Nutrition profoundly alters the phenotypic expression of a given genotype, particularly during fetal and postnatal development. Many hormones act as nutritional signals and their receptors play a key role in mediating the effects of nutrition on numerous genes involved in differentiation, growth and metabolism. Polypeptide hormones act on membrane-bound receptors to trigger gene transcription via complex intracellular signalling pathways. By contrast, nuclear receptors for lipid-soluble molecules such as glucocorticoids (GC) and thyroid hormones (TH) directly regulate transcription via DNA binding and chromatin remodelling. Nuclear hormone receptors are members of a large superfamily of transcriptional regulators with the ability to activate or repress many genes involved in development and disease. Nutrition influences not only hormone synthesis and metabolism but also hormone receptors, and regulation is mediated either by specific nutrients or by energy status. Recent studies on the role of early environment on development have implicated GC and their receptors in the programming of adult disease. Intrauterine growth restriction and postnatal undernutrition also induce striking differences in TH-receptor isoforms in functionally-distinct muscles, with critical implications for gene transcription of myosin isoforms, glucose transporters, uncoupling proteins and cation pumps. Such findings highlight a mechanism by which nutritional status can influence normal development, and modify nutrient utilization, thermogenesis, peripheral sensitivity to insulin and optimal cardiac function. Diet and stage of development will also influence the transcriptional activity of drugs acting as ligands for nuclear receptors. Potential interactions between nuclear receptors, including those for retinoic acid and vitamin D, should not be overlooked in intervention programmes using I or vitamin A supplementation of young and adult human populations.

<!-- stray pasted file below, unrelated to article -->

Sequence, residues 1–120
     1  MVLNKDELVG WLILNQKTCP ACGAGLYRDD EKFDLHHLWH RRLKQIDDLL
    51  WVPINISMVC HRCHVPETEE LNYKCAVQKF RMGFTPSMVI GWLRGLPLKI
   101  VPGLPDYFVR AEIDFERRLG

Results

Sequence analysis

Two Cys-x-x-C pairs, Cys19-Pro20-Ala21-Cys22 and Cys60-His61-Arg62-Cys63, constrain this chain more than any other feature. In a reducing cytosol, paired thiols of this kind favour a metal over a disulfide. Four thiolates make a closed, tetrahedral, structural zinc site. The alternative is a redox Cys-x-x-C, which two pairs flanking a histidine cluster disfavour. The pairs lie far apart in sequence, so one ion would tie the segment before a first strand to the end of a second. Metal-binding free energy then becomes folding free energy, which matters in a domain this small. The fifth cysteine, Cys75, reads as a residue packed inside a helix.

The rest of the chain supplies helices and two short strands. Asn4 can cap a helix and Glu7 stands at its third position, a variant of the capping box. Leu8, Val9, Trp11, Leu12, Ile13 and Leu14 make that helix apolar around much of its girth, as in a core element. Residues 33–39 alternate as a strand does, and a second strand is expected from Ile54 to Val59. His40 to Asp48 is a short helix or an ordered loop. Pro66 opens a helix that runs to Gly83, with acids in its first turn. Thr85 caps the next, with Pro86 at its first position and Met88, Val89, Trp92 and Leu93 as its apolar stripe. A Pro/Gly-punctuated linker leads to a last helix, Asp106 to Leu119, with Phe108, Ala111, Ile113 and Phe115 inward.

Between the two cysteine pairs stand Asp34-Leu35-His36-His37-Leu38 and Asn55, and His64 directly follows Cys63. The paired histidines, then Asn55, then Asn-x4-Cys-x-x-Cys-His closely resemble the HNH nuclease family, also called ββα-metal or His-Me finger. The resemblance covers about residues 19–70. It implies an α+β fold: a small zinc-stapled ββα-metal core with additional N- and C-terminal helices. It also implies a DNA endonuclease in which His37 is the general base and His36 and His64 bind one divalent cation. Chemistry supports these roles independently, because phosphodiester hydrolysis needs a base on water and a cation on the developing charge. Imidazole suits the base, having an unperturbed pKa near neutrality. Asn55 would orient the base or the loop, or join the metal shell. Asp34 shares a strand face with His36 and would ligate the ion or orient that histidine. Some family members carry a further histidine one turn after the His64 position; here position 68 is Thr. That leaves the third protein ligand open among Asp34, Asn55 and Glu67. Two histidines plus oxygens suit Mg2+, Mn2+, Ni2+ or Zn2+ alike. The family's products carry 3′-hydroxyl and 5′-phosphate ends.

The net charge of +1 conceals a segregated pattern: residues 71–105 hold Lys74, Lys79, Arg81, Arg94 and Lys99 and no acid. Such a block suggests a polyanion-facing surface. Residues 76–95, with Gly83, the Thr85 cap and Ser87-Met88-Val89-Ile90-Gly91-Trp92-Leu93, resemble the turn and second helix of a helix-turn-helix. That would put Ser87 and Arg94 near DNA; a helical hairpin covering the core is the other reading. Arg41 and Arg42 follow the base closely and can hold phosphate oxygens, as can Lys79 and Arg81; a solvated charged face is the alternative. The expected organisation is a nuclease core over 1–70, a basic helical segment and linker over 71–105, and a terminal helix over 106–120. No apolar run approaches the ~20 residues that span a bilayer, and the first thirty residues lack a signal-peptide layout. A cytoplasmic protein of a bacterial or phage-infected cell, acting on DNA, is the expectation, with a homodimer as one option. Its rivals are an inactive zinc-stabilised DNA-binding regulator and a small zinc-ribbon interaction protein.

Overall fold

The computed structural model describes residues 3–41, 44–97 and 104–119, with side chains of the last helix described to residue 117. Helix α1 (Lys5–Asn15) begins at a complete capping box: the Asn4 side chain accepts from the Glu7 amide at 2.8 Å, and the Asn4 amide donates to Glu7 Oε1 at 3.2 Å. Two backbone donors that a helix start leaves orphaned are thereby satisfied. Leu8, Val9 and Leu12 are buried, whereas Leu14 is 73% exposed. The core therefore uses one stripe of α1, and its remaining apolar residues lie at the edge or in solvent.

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Postby lyndacarol » Sun Dec 13, 2009 1:28 pm

FYI, folks, insulin is a polypeptide hormone...!